The company already operates a major PET bottle recycling facility in the Los Angeles area. The largest buyers of its recycled PET pellets are Nestlé Waters North America and PepsiCo, which use them in new drink containers. CarbonLite’s customer base is one of the reasons the company looked at Dallas for its new facility, which is projected to open in June.
“Dallas has great shipping lanes and we are close to Nestlé facilities for supply of food grade rPET pellets,” Leon Farahnik, co-founder of the company, told Plastics Recycling Update.
Lone Star expansion
CarbonLite opened its first bottle-to-bottle processing plant in Riverside, Calif. in 2012. The company receives half-ton bales of scrap PET from municipal curbside collection programs and deposit redemption centers. At the facility, bales are broken and sorted to produce clear and green PET streams. These are ground into flakes, washed, melted and decontaminated. The U.S. Food and Drug Administration has issued a letter of non-objection allowing the technology to be used to recycle post-consumer plastics into food and drink packaging.
The 220,000-square-foot California facility had a start-up cost of about $60 million. It can process 100 million pounds of PET each year, and Farahnik said it’s now operating at full capacity.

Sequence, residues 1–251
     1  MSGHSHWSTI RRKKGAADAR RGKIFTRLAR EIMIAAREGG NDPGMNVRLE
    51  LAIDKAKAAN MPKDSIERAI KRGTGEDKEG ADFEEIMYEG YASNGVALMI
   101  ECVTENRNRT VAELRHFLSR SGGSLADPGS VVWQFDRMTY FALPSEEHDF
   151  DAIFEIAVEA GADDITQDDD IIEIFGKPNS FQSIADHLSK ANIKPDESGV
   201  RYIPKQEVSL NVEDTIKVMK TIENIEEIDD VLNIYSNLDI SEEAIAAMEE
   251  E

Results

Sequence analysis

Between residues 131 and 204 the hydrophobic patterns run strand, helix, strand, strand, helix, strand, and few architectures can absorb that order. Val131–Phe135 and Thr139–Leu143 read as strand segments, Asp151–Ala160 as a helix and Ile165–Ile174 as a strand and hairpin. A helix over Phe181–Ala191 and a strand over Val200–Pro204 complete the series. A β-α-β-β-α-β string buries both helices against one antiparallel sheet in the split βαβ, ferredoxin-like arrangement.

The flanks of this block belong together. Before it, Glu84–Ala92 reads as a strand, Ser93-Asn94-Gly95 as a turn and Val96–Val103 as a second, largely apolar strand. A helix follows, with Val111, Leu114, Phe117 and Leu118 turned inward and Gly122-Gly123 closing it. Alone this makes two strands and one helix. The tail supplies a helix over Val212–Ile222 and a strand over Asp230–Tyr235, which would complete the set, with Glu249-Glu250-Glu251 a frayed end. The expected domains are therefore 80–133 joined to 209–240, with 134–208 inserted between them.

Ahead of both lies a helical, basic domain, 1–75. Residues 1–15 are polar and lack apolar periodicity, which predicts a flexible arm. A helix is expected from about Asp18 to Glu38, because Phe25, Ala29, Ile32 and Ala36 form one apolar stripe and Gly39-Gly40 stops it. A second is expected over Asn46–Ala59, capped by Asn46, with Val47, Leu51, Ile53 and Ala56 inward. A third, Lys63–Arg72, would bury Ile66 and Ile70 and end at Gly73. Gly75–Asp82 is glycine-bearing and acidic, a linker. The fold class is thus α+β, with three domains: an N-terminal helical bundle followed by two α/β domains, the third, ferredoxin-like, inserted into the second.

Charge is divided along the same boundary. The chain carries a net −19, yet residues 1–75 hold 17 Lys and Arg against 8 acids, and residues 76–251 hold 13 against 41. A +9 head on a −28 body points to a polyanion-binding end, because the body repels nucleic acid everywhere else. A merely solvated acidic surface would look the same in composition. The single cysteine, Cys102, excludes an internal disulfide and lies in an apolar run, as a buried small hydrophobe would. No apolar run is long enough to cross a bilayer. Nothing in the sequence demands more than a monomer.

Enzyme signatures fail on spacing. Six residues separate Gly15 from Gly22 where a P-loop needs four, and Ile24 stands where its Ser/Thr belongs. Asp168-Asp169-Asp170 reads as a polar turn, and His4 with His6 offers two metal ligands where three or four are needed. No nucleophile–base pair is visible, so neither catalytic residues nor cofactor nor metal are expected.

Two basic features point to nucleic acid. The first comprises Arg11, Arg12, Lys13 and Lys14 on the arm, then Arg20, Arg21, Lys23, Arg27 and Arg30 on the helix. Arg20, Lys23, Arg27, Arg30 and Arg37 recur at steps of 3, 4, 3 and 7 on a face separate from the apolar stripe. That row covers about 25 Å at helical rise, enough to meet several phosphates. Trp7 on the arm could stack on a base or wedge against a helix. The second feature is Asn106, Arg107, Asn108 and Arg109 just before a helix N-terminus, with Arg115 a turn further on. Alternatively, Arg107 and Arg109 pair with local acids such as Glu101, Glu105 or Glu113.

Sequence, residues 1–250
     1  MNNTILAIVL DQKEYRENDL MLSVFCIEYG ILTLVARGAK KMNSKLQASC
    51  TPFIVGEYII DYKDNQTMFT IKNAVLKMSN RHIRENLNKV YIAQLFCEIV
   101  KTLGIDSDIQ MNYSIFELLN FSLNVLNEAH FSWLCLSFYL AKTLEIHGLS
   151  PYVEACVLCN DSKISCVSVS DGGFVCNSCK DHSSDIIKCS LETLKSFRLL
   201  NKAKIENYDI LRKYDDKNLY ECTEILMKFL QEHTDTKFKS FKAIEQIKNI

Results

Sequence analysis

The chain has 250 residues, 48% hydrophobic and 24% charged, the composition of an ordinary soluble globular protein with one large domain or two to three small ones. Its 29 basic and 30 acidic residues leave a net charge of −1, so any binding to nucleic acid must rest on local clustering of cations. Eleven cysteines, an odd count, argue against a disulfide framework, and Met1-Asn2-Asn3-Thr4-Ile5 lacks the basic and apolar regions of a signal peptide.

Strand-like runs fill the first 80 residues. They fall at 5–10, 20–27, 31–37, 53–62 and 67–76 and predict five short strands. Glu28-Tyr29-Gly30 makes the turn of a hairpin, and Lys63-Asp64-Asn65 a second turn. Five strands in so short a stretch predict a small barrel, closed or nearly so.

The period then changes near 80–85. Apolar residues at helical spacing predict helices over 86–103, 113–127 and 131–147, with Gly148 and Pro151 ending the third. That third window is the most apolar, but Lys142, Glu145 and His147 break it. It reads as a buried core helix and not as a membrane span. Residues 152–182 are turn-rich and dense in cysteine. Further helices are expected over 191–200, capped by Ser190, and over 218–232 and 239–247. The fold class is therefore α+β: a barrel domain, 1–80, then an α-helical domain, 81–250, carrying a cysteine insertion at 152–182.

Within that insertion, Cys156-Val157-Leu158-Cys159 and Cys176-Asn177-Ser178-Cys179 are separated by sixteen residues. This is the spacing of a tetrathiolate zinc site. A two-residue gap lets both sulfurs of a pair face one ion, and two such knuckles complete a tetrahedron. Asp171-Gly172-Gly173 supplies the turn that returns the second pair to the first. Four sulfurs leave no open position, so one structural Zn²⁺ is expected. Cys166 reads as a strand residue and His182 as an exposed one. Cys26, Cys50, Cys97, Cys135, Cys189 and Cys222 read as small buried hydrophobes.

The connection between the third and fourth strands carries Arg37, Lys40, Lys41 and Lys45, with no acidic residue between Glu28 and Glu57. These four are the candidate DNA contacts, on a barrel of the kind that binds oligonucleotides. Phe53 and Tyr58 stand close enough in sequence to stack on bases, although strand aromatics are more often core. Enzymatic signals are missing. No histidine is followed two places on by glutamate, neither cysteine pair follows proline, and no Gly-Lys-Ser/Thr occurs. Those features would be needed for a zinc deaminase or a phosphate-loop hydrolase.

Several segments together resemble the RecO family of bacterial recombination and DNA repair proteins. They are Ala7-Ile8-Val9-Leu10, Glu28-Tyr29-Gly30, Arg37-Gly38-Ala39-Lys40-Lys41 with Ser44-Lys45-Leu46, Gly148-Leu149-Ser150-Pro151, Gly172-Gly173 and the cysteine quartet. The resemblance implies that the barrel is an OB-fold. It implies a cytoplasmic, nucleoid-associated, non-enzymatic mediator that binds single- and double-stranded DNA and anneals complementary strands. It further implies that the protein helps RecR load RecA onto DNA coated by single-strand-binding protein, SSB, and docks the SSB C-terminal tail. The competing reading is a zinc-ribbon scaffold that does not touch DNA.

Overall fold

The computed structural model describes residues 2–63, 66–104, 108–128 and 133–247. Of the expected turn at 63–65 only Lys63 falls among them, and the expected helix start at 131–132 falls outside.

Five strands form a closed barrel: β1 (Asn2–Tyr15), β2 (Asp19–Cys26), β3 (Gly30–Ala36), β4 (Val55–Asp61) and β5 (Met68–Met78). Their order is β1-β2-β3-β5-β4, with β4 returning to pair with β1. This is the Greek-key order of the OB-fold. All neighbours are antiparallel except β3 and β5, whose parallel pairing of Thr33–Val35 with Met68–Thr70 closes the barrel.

The company’s new plant in Texas will have similar specifications. It will be 230,000 square feet with an annual processing capacity of 100 million pounds. In one respect, however, the new plant is unique: It is powered by 100 percent “green power,” which was not available for the Riverside plant, Farahnik said.
The new recycling facility will rely on equipment from U.S.-based Bulk Handling Systems, Italy-based Amut, Erema Recycling System of Austria, and U.S.-based Pelletron.
The Dallas facility had a somewhat rocky beginning. The expansion was first announced in 2013, when the company planned a new $40 million plant in the Texas city of Abilene, about 180 miles west of Dallas. The region was favored due to Nestle’s Ozarka brand, which is bottled in the state and was increasing its use of recycled content.
But the Abilene plant never came to fruition. A deal between the recycling company and local developers collapsed amid personnel changes, project delays and other disagreements, according to local ABC affiliate KTXS.
With the doubling of CarbonLite’s capacity comes a natural question about whether there is enough scrap PET available to fulfill the new plant’s needs. Farahnik said there is a large supply of scrap PET bottles, provided they don’t get exported to China or elsewhere.
The Dallas facility will source its PET bottles from Texas and other nearby states, Farahnik said.
The most recent PET recovery report, compiled by the National Association for PET Container Resources and the Association of Plastic Recyclers, provides a snapshot of the export market. Out of about 1.8 billion pounds of PET bottles recycled in 2015, nearly a quarter were exported out of the U.S.